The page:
“While I was in jail, I found out my mom had cancer,” Zac painfully describes. His mother had always been his most steadfast supporter despite all his trials and travails.. And, as mentioned earlier, Zac now truly sought G-d’s help, for the first time in his adult life, and asked to be shown a path to healing. To demonstrate that sincere change of heart, he managed to finally get sober while he served his time. He had also heard about a Jewish faith-based rehab facility called Beit T’Shuvah in Los Angeles.
Zac was reluctant to potentially come to BTS because of the religious aspect, as he had struggled with religion going back to his early childhood. But G-d had heard his appeal and sent him a lifeline in the form of Carrie N. from BTS’ Alternative Sentencing Department. He began a dialogue with her, and when he was released in 2013, he was confronted with a true crossroads moment. Keep getting high and stay in one bad relationship after another or get on a bus, with all his possessions in a black plastic bag, and come south to Los Angeles and attempt a real shot at healing and redemption. “If it were up to me, I wouldn’t have gotten on that bus. A more powerful force was guiding me here,” Zac retells it.
And then everything changed for him. “I found acceptance. I found a community,” he relates. He discovered it was okay to be the unique and special type of Jew that he was. He found a new route to recovery and found himself powerfully drawn to the “spirit” at BTS. “I realized I was capable and that I mattered,” he shares. He also learned that his drug abuse and criminal past did not define his existence. He was able to find his authentic self and let go of the façade of being a wannabe tough guy. In reality he had just been a scared and broken kid. However, he also understood that he had to take action. He made his bed, did his house job and went to groups. “I cried. I let it out. This place helped me find my path,” he recounts with a triumphant gleam in his eyes. He began an internship as a P.F. (Program Facilitator), which led to him getting his first job at BTS as a full-time P.F. and then graduating to P.F. Supervisor. “I was gifted so much healing at Beit T’Shuvah. Getting to pass it on to others has been beautiful,” he explains.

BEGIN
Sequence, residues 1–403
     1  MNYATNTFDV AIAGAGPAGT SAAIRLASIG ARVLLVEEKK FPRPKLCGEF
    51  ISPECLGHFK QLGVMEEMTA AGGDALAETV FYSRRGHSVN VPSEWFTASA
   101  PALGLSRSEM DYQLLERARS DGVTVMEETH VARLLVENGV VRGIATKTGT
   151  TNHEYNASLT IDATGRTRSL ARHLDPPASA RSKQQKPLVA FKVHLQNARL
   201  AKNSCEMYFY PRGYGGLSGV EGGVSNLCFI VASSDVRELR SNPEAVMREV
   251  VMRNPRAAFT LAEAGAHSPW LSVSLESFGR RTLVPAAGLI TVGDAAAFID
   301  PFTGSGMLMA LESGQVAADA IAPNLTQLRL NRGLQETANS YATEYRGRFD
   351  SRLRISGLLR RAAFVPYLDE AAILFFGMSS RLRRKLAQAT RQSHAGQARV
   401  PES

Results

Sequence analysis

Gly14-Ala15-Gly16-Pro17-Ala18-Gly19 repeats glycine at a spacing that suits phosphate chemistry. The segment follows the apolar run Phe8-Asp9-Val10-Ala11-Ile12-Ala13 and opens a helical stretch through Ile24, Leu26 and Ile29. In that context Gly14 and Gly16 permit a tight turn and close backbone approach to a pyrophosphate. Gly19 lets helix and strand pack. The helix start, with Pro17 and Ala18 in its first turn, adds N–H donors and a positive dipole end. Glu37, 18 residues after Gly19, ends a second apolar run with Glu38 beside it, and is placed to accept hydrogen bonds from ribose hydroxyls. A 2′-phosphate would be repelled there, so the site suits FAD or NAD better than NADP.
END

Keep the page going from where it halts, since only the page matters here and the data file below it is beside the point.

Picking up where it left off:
In addition to all the spiritual and emotional growth Zac underwent while at BTS, he also went back to school. Zac relates, “Prior to coming to BTS, my greatest educational achievement was receiving my GED in juvenile hall. Once here, I went back to school, earned a Certificate in Addiction Counseling, a B.A. in Psychology and am now finishing a Masters Degree in Marriage and Family Therapy.” Now nine years sober and having worked at BTS full-time for eight of those years, Zac’s journey has also included stints as a counselor, E.C. (Extended Care) Coordinator, Counseling Coordinator, and Director, and finally his current position as Director of Clinical Services.
He also met his fiancee, Elena, at BTS while she served as BTS’ Family Program Coordinator. “I’ve been blessed beyond my wildest expectations. Helping others heal has been amazing,” he lovingly describes. And now he’s proud to be Jewish and a Jew in recovery. He’s also mended the broken relationship with his family as well; truly one of the most precious gifts he’s received from his experience at BTS. And he works everyday to honor his brother Jacob’s memory through his actions in recovery. Zac concludes by saying, “It’s been quite a journey. I’m now part of a loving family.” And that family motivates him to wake up every day, with a smile in his heart and a motivation in his soul, to help every single resident at Beit T’Shuvah receive the same transformative experience he received when he sat in the same seat, slept in the same bed and healed that same wounded spirit we all share as addicts, criminals and, most importantly, members of the BTS family.